• Have a great vision. But more importantly, have a narrow focus on details.

It is important to have a good long-term vision for any undertaking. It is as important to have a clear day-to-day focus and plan of what is being executed, when, and why.

  • Funding models.

In both companies the initial funding and bootstrapping came from the founders themselves. In other words, they are both self-funded. PocketSmith team funds the development (basically by working for free) and covers the initial equipment and Internet bills. No VC involvement at all. “It would basically slow us down”. “If we had money, we’d probably start spending money unwisely”. TracMap was also funded through personal loans and personal savings. Colin had to sell the house to get enough funds to take the idea off the ground.

  • Luck will always play a part

In any start-up there is always an inherent element of risk. And as it often happens, luck often dictates a total fiasco or success of any undertaking. Both companies pointed out some single events that made a significant impact on their undertakings. In case of PocketSmith, it was an article in lifehacker.com. In case of TracMap the success was based on two events: the initial engagement with a Computer Science postgraduate student, and the contract for cases and screens with Navman.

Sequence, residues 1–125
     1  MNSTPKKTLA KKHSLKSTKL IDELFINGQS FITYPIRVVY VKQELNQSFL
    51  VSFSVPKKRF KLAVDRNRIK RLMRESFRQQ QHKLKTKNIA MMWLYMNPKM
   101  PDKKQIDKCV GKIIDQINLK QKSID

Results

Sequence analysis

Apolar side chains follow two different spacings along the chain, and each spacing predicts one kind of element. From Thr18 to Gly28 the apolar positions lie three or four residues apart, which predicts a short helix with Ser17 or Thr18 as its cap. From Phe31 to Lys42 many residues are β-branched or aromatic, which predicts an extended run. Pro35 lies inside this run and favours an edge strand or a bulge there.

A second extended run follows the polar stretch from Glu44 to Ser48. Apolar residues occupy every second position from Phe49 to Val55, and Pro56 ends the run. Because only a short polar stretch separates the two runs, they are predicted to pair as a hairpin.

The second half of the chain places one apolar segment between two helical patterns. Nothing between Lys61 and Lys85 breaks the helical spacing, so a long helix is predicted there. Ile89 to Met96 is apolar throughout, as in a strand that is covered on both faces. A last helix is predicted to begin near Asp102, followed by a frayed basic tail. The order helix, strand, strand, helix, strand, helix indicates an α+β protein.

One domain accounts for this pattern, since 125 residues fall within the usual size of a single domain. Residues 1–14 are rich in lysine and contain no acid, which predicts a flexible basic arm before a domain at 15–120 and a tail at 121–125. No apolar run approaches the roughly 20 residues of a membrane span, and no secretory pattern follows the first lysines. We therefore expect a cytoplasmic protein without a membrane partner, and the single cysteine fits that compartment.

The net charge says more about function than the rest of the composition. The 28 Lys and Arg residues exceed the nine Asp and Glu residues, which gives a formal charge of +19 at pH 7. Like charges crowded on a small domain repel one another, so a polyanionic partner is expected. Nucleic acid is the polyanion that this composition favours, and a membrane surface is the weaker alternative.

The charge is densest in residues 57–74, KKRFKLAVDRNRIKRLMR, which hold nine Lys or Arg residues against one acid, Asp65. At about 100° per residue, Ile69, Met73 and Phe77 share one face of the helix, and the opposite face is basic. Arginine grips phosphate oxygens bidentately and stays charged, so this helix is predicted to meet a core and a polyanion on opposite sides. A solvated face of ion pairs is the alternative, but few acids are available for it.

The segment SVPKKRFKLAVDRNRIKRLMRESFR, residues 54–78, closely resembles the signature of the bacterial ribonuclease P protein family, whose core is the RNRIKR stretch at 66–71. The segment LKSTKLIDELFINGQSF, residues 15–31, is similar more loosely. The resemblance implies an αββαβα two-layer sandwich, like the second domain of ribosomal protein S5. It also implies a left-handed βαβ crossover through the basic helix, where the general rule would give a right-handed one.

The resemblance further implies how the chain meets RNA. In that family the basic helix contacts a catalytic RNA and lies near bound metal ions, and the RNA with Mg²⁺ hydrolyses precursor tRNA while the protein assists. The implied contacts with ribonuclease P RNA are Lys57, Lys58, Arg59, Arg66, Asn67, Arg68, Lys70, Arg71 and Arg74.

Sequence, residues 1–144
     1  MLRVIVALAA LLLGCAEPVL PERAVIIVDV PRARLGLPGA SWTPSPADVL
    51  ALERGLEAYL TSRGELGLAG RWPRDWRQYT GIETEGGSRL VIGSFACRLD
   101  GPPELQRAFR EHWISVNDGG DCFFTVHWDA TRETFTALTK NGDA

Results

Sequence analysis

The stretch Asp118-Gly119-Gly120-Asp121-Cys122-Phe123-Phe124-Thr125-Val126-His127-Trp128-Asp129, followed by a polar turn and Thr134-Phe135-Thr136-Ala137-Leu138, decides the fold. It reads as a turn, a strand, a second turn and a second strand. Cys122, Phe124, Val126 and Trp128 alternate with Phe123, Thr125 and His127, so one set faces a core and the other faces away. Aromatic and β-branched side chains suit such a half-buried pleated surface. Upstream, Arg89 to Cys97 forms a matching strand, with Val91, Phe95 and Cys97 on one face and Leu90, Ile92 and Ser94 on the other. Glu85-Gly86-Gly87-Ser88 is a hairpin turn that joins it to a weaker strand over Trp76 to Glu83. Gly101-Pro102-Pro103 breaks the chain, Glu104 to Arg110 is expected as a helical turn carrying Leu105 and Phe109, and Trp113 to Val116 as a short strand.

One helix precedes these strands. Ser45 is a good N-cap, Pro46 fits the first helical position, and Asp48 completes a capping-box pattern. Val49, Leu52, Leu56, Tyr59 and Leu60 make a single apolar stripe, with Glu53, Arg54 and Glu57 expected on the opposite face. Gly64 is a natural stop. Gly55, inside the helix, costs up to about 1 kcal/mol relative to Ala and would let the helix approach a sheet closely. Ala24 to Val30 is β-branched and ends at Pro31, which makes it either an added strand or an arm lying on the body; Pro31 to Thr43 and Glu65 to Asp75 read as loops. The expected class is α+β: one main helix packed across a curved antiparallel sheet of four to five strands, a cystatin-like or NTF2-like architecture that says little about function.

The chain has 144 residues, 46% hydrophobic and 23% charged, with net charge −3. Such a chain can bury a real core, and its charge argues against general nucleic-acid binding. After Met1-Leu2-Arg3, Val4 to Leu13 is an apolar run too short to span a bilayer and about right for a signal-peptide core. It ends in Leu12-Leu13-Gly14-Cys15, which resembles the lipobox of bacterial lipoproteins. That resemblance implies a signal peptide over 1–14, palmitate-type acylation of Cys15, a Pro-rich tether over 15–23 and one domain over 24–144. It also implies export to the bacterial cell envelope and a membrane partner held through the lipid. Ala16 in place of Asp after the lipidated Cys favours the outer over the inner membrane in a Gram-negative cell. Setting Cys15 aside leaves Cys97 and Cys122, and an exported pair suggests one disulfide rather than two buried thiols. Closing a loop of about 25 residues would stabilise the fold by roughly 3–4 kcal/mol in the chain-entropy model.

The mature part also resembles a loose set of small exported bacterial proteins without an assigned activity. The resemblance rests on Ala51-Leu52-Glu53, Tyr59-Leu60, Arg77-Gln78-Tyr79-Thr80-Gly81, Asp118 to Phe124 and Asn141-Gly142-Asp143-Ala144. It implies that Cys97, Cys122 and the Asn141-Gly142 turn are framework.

Despite gross similarities, there are some aspects that sets these two companies in slightly different realms. There were some apparent differences, which I’ll try to summarise briefly below:

Patents and innovation

  • TracMap: you need to OWN the solution. If there is a pain to which you are providing a solution for, you need to ensure that you OWN that solution. Patenting is good. Lock the solution and own it. Then you can build a business around it. If you cannot LOCK your solution, do not start building your business.